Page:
The U.S. leveraged loan default rate closed out April at a slight 1.01%, barely moving from a nearly seven-year low of 0.93% in March, according to the S&P/LSTA Loan Index.
As it has for the past few years, the leveraged loan default rate is well below the historical average of 2.93%. Loan defaults have been relatively few and far between in the current long-running credit cycle, largely for two reasons.
First, corporate earnings continue strong, meaning borrowers are well positioned to service debt costs. Second, speculative-grade lenders and investors have been most accommodating, allowing debt issuers to incur loosely structured credits (aka covenant-lite loans), which might not trigger events of distress or default that otherwise could warn lenders of impending problems.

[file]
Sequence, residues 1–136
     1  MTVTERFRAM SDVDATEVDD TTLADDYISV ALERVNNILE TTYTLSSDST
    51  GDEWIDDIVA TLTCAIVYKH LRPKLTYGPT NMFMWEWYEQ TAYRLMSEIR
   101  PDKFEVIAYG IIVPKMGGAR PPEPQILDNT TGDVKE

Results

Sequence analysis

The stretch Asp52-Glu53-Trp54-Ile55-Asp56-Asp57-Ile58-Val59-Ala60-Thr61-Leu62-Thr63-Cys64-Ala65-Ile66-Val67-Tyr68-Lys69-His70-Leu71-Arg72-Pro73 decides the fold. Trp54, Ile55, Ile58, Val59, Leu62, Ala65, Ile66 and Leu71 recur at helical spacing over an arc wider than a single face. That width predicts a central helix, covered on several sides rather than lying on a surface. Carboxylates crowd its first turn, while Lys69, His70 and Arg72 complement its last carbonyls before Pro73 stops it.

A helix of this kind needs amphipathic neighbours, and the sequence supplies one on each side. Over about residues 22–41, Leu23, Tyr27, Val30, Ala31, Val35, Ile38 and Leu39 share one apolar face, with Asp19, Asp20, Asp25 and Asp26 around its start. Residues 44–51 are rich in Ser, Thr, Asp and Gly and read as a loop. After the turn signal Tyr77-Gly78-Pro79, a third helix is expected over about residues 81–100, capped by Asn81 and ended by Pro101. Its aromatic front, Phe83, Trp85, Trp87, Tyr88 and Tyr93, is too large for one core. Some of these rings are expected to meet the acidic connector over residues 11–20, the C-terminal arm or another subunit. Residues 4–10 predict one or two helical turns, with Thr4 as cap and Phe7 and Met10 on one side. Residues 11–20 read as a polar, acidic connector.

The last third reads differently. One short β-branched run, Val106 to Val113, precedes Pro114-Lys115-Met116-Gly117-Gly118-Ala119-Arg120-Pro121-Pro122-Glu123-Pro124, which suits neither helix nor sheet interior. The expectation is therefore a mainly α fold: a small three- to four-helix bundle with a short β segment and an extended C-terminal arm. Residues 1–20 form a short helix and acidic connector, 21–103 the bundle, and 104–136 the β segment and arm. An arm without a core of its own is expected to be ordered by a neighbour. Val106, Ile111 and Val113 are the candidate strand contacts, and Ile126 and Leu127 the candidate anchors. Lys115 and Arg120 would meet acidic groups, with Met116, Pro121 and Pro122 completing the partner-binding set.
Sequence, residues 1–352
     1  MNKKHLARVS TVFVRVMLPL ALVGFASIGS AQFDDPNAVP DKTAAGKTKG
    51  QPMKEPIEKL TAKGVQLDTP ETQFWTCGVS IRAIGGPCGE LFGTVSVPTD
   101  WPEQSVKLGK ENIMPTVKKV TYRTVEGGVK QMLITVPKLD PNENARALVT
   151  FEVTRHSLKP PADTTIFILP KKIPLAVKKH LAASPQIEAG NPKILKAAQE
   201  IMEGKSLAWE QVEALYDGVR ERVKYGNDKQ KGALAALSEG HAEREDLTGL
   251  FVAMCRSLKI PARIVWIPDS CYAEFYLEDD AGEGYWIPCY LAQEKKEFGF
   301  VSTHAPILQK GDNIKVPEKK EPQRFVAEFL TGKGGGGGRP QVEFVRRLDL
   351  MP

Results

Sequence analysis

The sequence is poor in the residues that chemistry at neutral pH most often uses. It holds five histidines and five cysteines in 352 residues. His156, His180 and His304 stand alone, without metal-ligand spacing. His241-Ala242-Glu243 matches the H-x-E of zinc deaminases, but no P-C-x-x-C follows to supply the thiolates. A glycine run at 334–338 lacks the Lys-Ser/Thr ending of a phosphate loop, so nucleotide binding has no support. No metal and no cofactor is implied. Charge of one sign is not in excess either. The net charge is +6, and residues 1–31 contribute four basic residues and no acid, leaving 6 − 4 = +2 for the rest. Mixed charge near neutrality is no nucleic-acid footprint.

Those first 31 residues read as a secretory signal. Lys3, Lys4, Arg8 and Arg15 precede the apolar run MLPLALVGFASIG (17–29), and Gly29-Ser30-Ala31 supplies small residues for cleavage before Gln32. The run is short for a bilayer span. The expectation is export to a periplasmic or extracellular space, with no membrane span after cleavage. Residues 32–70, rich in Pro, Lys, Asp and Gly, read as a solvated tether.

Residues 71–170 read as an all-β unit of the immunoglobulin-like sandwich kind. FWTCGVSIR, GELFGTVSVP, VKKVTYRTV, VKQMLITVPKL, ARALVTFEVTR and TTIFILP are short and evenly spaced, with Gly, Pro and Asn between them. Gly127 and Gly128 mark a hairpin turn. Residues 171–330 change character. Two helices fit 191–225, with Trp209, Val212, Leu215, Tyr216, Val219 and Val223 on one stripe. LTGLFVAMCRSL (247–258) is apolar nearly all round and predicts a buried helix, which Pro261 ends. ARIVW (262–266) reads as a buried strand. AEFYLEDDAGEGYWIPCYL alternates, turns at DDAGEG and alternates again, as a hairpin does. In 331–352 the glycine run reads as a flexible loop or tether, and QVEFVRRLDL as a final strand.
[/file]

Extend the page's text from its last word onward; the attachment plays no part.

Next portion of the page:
In April, the addition of three defaulters, while only adding eight basis points to the default rate by amount, pushed the rate by issuer count to a six-month high of 1.59%, reflecting the outsized influence of $6.3 billion of Clear Channel term loans that rolled off the calculation in March, according to LCD.
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